By Jay A. Popp
Sustainable design has become the popular buzzword in design and begins with the design intent. It is applied to the basic architecture of a building and is an optimization of the building design, the systems contained with the building, and the selection of materials used to construct the building. It is also commonly associated with obtaining LEED certification for a building.
Just as each building is a unique design, so, too, is the proper elevator solution for that building. Sustainable design or optimization of the elevator system begins with an efficient lobby design to optimize pedestrian flow, wayfinding, passenger loading and unloading at the main floor lobby, and sufficient numbers of elevators to minimize passenger waiting times during peak traffic periods while meeting the handling capacity requirements of the building tenancy. This is further tempered by the quality of the surrounding buildings, cultural expectations, and positioning of the building in the local and/or world real estate market.
Generally, traditional elevator design has been based on providing an equal number of elevators in each group or zone, thus simplifying the building core design. This philosophy, while still valid today in some buildings, may not be the most efficient design. Optimization could potentially be based on the use of a greater number of slower- speed elevators in the low-rise zone of a multizone building to reduce the number of high-speed elevators in the upper zone(s), reducing initial capital costs and maximizing rentable area and returns in the upper zone(s). In large buildings, optimizing the passenger handling capability of the elevator systems can include: "double deck" elevator systems with two elevator cabins in the same hoistway permanently connected together; specialized elevator systems with two elevator cabins in the same hoistway operating independently; and sky lobbies.
Sky lobbies, in effect, provide the opportunity to stack one multizone building on top of another in ultra high-rise projects. Passengers are transported from the main lobby to the sky lobby via large-capacity, high-speed shuttle elevators providing access to the next multizone groups of "local" passenger elevators. Mixed-use or ultra high-rise buildings may have one or more sky lobbies providing dedicated access to each of the tenancy types.
Sustainable design of the elevator systems is influenced by the sophistication of the elevator control and the quality of the power conversion unit selected. Modern elevator microprocessor control systems offered by all major manufacturers throughout the world come with some form of "learning" or advanced decision-making capabilities (such as genetic algorithm and fuzzy logic) to optimize system efficiencies. Sophisticated "Destination Control Selection" (DCS) systems offer further optimization by providing the ability for people to register their destination floors from a terminal in the elevator lobby prior to boarding the elevator. This information is then communicated to the elevator control system, which instantly assigns each person's destination to a particular elevator car. Persons arriving in the lobby are grouped together to minimize the number of stops that each elevator must make during any given trip up into the building. The result is that a greater number of persons can be handled with fewer stops, particularly during the morning up-peak traffic condition in an office building as persons arrive to start the business day.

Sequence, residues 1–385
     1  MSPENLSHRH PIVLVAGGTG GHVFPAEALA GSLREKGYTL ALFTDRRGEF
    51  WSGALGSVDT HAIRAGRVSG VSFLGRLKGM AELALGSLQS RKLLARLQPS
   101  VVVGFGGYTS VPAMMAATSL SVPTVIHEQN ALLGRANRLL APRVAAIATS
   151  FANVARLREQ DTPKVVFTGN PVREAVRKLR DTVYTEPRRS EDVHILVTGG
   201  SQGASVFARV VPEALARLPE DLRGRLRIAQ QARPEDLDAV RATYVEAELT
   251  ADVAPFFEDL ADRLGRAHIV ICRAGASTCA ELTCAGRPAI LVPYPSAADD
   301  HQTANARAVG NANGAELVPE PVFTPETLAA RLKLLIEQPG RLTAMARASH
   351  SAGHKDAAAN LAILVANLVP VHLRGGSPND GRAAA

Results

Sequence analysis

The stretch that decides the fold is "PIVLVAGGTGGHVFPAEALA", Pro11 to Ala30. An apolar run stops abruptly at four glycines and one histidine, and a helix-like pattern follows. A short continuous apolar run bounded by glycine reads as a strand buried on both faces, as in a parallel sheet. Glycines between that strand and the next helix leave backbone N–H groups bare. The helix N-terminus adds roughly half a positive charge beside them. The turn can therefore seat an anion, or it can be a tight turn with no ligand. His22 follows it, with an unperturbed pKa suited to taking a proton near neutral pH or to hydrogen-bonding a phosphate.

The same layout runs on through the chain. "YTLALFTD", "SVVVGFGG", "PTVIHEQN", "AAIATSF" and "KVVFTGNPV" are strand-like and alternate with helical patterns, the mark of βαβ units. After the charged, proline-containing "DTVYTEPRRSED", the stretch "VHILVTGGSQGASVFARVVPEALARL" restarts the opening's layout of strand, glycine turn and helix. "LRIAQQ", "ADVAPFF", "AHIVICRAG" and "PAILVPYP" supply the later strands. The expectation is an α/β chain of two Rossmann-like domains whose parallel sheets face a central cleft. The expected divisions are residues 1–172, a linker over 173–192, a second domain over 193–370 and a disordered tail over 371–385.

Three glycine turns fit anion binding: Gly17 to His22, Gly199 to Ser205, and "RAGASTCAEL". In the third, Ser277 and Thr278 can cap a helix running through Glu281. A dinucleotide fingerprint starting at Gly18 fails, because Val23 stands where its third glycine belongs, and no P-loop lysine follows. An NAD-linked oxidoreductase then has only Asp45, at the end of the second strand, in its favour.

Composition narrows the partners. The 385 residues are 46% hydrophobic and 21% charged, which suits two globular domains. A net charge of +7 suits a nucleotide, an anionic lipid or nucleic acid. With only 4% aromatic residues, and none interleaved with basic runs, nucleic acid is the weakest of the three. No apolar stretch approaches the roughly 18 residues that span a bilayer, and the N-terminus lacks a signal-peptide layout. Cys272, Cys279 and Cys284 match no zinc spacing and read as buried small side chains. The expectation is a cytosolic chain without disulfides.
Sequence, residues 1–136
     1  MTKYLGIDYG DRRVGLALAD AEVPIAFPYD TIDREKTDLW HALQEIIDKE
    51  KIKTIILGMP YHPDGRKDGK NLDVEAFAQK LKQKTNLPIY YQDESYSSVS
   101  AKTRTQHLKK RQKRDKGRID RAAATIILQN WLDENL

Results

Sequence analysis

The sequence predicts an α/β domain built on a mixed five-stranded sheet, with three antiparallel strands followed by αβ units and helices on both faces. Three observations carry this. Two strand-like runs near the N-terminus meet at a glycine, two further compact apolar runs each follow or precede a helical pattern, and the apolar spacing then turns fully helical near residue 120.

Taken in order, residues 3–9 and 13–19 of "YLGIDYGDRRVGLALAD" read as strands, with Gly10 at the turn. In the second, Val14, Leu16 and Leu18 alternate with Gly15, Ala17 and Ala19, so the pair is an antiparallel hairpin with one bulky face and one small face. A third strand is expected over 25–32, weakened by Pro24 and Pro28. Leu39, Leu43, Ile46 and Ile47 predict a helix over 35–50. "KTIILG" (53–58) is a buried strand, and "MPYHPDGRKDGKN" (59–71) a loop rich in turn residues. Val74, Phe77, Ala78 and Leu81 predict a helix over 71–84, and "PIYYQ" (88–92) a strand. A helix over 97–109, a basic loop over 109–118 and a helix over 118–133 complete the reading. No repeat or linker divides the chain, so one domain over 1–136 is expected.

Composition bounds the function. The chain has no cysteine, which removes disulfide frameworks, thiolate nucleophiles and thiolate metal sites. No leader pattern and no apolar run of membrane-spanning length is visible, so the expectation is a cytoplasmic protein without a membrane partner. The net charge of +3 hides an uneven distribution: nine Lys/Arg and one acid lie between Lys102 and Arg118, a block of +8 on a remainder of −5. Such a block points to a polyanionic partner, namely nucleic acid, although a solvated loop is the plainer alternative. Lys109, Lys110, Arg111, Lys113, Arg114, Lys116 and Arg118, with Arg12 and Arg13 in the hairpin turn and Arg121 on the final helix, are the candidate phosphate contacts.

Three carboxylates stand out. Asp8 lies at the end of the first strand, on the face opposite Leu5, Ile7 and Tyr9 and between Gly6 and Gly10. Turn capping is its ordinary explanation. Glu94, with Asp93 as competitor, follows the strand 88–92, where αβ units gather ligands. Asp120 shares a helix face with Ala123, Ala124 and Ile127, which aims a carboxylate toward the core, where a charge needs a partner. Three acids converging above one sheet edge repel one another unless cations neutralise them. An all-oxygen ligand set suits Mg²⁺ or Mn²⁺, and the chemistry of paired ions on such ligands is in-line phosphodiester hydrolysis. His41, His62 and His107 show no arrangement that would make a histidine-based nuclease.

In addition, special control features are becoming available that allow elevators to operate at higher speeds during off-peak traffic periods. Controls are also available that allow regenerative power to be temporarily stored and transferred to other elevators in the group during emergency standby power conditions, thereby providing additional elevator capacity for use by firefighters or building evacuees.
Modern low-, mid-, and high-rise buildings today also use efficient AC Gearless electric hoist motors. Further, modern power conversion units as well as those provided in buildings constructed within the past 20 years were provided with some form of regenerative power capabilities. Recent advances in electrical component design and manufacturing processes have also enabled several manufacturers to offer sophisticated Pulse Width Modulation (PWM) or Power Factor One (PF-1) drives that provide maximum regeneration capabilities. As PF-1 drives are not yet standard with all elevator manufacturers, they should be specified not only for optimal energy efficiency but also for the value-added benefit of substantially lower RFI emissions.
Jay A. Popp is executive vice president at Lerch Bates Inc., an internationally recognized independent consulting company specializing in vertical transportation, façade access, and materials handling systems.